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Trump approves California disaster declaration as wildfires wreak havoc

By Jaclyn Cosgrove and Sonali Kohli

LOS ANGELES _ Wildfires fanned by sustained Santa Ana winds continued to wreak havoc across Southern California on Friday as blazes in San Diego and Ventura counties destroyed more than 500 structures, sent more than 120,000 people fleeing for their lives and left thousands without power.

In northern San Diego County, the Lilac fire continued to burn Friday morning, holding at 4,100 acres from the night before. The blaze, which roared through Bonsall and into Oceanside late Thursday, has injured at least three people and killed 25 horses at a thoroughbred training center.

“We are in no way near the end of this,” warned Ron Lane, the county’s deputy chief administrative officer who oversees public safety. On Friday morning, Cal Fire said the wildfire had burned 4,100 acres and destroyed 65 structures.

President Donald Trump approved a California disaster declaration Friday morning. He ordered federal aid to the area and put the Department of Homeland Security and the Federal Emergency Management Agency in charge of disaster relief efforts.

The Lilac fire is one of a half-dozen major fires burning across Ventura, San Diego, Los Angeles and Riverside counties, and comes as the National Weather Service extended a red-flag fire warning to Sunday.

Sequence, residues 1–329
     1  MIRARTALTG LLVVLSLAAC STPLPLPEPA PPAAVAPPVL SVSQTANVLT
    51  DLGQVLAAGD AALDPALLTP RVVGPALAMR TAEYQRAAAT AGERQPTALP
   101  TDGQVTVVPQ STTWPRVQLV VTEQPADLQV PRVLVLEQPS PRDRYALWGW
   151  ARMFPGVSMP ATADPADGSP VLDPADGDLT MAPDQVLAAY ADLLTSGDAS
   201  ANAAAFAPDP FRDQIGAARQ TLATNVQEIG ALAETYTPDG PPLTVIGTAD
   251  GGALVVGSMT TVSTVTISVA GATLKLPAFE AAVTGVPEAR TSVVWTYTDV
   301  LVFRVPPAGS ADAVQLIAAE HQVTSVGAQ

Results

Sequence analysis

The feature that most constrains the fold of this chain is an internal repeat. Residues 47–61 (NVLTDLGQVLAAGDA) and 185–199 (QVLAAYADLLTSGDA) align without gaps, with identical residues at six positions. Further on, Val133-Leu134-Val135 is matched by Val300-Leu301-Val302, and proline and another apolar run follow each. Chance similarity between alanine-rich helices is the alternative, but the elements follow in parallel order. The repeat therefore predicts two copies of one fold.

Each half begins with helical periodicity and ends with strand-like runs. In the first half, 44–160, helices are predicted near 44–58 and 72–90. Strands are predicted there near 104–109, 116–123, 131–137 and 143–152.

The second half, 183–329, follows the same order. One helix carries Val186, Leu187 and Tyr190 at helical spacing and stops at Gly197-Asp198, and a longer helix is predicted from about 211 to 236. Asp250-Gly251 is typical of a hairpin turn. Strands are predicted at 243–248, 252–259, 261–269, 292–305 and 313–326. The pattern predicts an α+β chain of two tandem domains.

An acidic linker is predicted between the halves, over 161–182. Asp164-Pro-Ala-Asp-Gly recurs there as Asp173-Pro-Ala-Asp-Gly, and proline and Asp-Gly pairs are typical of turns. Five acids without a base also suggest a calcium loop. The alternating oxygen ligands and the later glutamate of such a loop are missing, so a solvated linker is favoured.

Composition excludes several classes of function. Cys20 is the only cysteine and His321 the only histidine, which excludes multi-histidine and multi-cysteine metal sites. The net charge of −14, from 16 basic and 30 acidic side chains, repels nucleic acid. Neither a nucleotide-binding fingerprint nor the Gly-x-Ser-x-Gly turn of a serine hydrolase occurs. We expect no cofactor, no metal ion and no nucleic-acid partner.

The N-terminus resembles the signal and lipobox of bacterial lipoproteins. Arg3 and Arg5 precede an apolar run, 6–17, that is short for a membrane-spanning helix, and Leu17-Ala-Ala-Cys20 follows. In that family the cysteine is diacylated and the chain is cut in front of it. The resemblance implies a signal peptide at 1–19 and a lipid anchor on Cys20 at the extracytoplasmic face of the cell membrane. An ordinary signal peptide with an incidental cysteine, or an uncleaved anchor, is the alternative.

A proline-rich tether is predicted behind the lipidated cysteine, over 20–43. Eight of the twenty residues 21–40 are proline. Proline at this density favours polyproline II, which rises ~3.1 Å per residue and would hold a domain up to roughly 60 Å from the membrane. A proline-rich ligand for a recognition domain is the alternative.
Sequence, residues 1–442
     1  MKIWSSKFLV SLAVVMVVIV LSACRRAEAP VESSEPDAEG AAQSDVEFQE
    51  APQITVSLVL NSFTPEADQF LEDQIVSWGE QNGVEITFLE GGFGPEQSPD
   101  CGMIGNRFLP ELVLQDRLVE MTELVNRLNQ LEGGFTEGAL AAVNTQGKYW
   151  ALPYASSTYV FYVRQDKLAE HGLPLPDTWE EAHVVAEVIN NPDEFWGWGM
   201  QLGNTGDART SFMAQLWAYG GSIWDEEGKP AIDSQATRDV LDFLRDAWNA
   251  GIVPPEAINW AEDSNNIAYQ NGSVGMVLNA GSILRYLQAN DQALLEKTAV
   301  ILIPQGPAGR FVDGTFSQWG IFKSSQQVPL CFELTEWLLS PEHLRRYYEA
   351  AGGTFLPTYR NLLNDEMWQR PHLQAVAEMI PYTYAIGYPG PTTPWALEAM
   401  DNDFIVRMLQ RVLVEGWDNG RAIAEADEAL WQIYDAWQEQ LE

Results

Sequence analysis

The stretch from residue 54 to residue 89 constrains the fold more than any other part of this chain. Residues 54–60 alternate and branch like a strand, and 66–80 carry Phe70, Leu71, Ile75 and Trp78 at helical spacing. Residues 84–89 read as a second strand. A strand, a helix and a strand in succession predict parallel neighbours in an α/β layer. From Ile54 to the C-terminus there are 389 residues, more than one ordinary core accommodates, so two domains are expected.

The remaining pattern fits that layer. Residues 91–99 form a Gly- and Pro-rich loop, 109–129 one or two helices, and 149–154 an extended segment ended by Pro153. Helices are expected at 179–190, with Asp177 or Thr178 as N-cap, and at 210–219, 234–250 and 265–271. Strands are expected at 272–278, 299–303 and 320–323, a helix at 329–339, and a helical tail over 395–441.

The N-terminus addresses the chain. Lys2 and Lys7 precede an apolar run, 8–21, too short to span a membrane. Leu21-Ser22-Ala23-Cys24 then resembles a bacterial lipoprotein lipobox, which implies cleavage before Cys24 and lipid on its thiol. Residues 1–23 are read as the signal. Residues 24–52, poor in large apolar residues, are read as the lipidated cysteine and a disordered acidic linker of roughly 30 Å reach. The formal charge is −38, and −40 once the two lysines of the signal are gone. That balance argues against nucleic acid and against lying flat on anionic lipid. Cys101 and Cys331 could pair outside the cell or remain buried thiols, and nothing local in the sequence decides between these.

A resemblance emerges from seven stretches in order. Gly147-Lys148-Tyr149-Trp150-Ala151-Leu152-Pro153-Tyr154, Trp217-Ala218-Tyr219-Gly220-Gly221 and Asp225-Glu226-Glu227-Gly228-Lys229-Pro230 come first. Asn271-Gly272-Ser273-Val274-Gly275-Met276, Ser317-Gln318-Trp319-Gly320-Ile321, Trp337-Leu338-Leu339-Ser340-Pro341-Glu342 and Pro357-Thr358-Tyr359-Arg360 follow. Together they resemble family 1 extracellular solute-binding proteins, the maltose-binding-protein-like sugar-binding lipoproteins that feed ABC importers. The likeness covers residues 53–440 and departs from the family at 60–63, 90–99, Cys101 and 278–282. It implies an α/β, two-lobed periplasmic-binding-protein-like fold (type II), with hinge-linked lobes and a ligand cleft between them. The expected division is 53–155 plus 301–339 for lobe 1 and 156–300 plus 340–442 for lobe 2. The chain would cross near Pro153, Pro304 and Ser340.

Of all those fires, the Thomas fire in Ventura County is still the largest, spanning 132,000 acres from Santa Paula to the coast. It was 10 percent contained as of Friday morning, authorities said.

The winds Thursday night were “down into the teens and 20s as opposed to previous nights we had winds in the 30- and 40-mile-per-hour” range, said Ventura County Fire Capt. Scott Dettorre.

Weaker winds are expected to continue Friday, he said.

“It’s still high but for us at this point, that’s a breeze,” Dettorre said.

If winds do act as predicted, “our air operations will be more effective and obviously the fire spread rate will slow down,” he added. “It’ll give the ground troops a chance to get ahead of this thing.”

Throughout the county, 439 structures were destroyed _ 427 of those were in the city of Ventura, Dettorre said.

Officials still have not identified or reported a cause of death for a woman who was found in the Thomas fire burn area, at the scene of a car accident.

The Thomas fire is mostly burning at either end of the perimeter, Dettorre said. Northeast Santa Ana winds continued pushing flames west toward the La Conchita area, while topography is offering fuel to the fire on the eastern end, Dettorre said. The fire has already encroached into the Los Padres National Forest above Ojai, and could do the same on the eastern end near Fillmore, he said.

Santa Barbara County Fire Department officials said the Thomas fire had not reached their county as of Thursday evening, but added that residents should remain prepared in case it does.

The air quality in Carpinteria is considered “hazardous,” said Polly Baldwin, medical director at the Santa Barbara County Public Health Department.

“Hazardous is the worst classification that air quality has,” she said, urging residents to wear face masks when outside.

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